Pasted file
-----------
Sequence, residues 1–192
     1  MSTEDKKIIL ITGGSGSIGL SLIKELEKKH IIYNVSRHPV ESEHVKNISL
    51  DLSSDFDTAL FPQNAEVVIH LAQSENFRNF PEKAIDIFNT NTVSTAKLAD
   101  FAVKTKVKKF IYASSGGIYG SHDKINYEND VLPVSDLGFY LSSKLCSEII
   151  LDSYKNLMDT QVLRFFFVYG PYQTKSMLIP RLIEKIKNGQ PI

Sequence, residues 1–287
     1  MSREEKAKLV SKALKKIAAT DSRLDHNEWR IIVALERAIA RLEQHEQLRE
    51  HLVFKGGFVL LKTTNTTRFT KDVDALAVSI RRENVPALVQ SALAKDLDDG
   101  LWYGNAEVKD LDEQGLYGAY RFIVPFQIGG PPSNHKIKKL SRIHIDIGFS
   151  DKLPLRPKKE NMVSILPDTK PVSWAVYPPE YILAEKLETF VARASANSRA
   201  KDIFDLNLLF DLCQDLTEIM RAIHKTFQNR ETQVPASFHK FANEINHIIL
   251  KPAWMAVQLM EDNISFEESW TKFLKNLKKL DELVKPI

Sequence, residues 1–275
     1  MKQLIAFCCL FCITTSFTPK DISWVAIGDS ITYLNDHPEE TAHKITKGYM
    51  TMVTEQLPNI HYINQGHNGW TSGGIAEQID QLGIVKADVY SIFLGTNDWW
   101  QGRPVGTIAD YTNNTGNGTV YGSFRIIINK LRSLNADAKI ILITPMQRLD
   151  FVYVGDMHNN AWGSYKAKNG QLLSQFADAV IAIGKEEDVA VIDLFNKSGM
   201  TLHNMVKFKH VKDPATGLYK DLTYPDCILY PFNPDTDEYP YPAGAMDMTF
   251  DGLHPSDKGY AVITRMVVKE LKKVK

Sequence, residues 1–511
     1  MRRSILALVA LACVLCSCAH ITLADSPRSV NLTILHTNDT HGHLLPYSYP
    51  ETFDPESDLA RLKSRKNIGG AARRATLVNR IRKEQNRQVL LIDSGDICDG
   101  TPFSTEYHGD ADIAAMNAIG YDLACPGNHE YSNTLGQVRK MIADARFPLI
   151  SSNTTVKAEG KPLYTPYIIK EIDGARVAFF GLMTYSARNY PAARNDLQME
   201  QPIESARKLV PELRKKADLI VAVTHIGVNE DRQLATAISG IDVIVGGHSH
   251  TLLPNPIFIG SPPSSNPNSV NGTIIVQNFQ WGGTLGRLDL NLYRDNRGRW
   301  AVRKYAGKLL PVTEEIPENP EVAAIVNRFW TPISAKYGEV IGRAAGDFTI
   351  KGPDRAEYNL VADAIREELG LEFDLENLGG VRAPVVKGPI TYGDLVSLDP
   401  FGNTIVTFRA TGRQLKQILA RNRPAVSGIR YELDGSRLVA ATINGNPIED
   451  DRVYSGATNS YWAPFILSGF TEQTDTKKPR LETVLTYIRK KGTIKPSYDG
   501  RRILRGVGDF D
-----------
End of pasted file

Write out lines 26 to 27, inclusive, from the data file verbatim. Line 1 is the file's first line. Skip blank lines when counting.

   251  TLLPNPIFIG SPPSSNPNSV NGTIIVQNFQ WGGTLGRLDL NLYRDNRGRW
   301  AVRKYAGKLL PVTEEIPENP EVAAIVNRFW TPISAKYGEV IGRAAGDFTI